The defendant-appellant asserts that the court below erred in relying solely upon the pre-sentence diagnosis and report submitted by the probation officer in concluding that the defendant-appellant is a multiple offender, whose criminality was so extensive that a sentence of imprisonment for an extended term is warranted under § 662(4)(a) of the code, because such evidence is (1) hearsay and (2) not the best evidence. These questions which the defendant-appellant desires to seek appellate scrutiny and review are of first impression *1204 in this jurisdiction, since the novel concept of extended term sentence contained in §§ 661 and 662 of the code was only recently introduced to this jurisdiction by the enactment of the code.[3a] As bearing on the question of frivolousness, we stated in State v. Hayashida, supra, 55 Haw. at page 456, 522 P.2d at 186-187, that "[t]he novelty of the defendant's claim, as evidenced by the absence of controlling case law in this and other jurisdictions, is one factor to be considered. Another factor, which should dispose of the matter in the defendant's favor, absent Hawaii precedent which is both directly in point and contrary to the defendant's position, is the existence of case law from other jurisdictions supporting the defendant." In the instant case, the defendant-appellant has cited case authorities from other than this jurisdiction which may have significant impact on these evidentiary questions. Specht v. Patterson,[4] 386 U.S. 605, 87 S. Ct. 1209, 18 L. Ed. 2d 326 (1967); United States ex rel. Gerchman v. Maroney, 355 F.2d 302 (3rd Cir.1966). In our view, neither Williams v. New York, 337 U.S. 241, 69 S. Ct. 1079, 93 L. Ed. 1337 (1949), nor State v. Harmon, 147 Conn. 125, 157 A.2d 594 (1960), cited by the state would militate against the contention of the defendant-appellant that the appeal is not frivolous.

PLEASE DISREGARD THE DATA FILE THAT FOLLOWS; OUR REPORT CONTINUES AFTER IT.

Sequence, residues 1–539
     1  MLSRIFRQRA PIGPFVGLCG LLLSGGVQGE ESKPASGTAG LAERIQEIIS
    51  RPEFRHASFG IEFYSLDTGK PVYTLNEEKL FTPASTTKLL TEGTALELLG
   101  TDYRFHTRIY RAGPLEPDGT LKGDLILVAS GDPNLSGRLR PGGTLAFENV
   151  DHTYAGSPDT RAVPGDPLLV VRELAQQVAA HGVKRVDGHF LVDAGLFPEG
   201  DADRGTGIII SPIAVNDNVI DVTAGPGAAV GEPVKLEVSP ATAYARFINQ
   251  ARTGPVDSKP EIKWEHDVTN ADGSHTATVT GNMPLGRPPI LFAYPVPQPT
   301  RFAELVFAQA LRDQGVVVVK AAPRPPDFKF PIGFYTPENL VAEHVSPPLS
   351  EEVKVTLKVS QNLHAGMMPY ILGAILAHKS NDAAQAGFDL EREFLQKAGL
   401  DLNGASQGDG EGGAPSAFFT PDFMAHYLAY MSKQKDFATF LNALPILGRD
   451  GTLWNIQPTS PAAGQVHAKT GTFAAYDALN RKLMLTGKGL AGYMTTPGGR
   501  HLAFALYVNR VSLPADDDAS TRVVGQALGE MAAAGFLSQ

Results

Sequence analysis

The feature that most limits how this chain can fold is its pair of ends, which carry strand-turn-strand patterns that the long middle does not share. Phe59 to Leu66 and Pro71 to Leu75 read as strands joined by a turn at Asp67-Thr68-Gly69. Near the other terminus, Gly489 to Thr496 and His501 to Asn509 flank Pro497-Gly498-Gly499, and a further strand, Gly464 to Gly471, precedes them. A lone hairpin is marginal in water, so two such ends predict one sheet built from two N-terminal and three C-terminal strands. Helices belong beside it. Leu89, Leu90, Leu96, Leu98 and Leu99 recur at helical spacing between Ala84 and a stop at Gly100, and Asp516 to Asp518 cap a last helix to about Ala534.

We are here not concerned, as were the cases in Williams v. New York, supra, and State v. Harmon, supra, with the routine sentence of a trial judge who is vested with wide discretion in the sources and types of evidence which may be utilized by him in the proper disposition of convicted offenders. Rather, as in Specht v. Patterson, supra, and United States ex rel. Gerchman v. Maroney, supra, our problem relates to procedures on the imposition of additional penalties akin to those where increased sentences are imposed in other jurisdictions on habitual or dangerous offenders. See generally 39 Am Jur 2d. Habitual Criminals, etc., § 17 et seq.